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Dell Technologies announces partnership with the new Moody Center. (Dell)

As the new Moody Center comes to life, homegrown tech giant, Dell Technologies, announced it is the premier founding partner for the new venue that will replace the Frank C. Erwin Center for Austin events and Austin entertainment.

The Moody Center, located at 2001 Robert Dedman Drive, will be the new home for University of Texas events, including graduation and basketball games, along with acting as a multi-purpose facility for the city that will serve for concerts and other events.

Through the partnership, just outside a section of the facility will be Dell Technologies Plaza, a place for post-game shows and community events. Dell will also donate tickets for Longhorns basketball games to the Boy & Girls Club of the Austin area.

It's been a long time coming for the Moody Center, which was first announced in December 2018; it broke ground one year later. It has since started booking shows for its debut in 2022, starting with pop sensation The Weeknd for April 2022. The facility, named after the Moody Foundation, will be able to expand to 15,000 seats.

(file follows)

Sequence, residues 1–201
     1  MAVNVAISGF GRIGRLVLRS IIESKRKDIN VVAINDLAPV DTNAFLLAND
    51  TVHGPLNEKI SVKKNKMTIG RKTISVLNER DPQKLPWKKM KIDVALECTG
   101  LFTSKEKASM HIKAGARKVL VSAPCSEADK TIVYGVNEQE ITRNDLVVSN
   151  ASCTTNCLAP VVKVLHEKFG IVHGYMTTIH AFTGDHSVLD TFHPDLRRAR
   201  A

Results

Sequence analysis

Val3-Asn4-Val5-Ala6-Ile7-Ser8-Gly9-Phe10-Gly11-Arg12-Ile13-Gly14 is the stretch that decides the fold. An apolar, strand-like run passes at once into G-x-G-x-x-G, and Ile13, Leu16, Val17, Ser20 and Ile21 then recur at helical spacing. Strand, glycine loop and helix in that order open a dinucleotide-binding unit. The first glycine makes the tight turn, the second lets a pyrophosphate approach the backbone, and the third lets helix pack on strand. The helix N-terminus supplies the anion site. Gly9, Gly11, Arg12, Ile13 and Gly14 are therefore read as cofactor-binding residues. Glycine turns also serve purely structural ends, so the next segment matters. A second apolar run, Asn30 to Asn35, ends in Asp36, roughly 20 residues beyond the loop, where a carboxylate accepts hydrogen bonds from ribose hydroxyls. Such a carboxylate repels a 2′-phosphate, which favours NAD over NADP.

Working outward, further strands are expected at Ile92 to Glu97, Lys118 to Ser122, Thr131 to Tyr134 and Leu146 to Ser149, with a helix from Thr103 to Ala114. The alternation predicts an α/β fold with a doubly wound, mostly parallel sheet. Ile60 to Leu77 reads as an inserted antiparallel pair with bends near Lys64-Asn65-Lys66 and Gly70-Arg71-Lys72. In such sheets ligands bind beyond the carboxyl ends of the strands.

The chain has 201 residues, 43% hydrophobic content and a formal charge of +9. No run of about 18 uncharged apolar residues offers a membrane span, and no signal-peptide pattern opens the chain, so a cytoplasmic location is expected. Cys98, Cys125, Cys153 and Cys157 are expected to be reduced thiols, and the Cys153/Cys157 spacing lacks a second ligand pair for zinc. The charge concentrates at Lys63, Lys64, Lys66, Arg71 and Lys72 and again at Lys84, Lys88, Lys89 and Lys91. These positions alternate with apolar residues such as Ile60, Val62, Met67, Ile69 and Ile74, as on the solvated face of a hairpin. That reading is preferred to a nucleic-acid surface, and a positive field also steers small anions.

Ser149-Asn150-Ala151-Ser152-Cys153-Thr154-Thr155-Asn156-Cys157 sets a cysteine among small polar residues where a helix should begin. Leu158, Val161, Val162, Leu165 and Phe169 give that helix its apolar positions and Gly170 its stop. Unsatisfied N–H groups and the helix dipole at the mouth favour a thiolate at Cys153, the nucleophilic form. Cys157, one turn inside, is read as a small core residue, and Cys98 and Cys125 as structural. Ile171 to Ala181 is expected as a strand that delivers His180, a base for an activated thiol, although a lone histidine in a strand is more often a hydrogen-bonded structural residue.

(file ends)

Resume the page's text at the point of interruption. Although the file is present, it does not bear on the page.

In a live virtual media conversation with Senior Vice President of Global Brand and Experiential at Dell Liz Matthews, C3 Presents Partner Charles Attal said he sees the Moody Center changing Austin from a place world-class bands used to skip on tours to being the world-class venue they book multiple dates for.

Matthews said aside from the Moody Center maintaining Austin's music scene, it was important to Dell that it be an inclusive environment that will host women's basketball games, along with men's.

In the same conversation, UT's Minister of Culture Matthew McConaughey, who helped up with the vision of the facility, said the Moody Center is making wins—furthering the women's basketball program and bringing big-time bands to Austin—sustainable in the city for years to come. McConaughey quoted UT Athletic Director Chris Del Conte in what he see's the Moody Center being: "It should be the first place that a world-class band should want to come play, and the last place that a visiting basketball wants to come play."


Bruce McCandless II's untethered spacewalk made history in 1984. The red stripes above his knees were the only way that NASA could determine which astronaut was Bruce and which was his fellow spacewalker, Bob Stewart. (NASA)

Editor's note: Addie Broyles is a longtime food writer, who wrote for the Austin American-Statesman for 13 years. This piece was published in her weekly newsletter, "The Feminist Kitchen," where she shares stories about parenthood, grief, ancestry, self healing and creativity. Check it out here.

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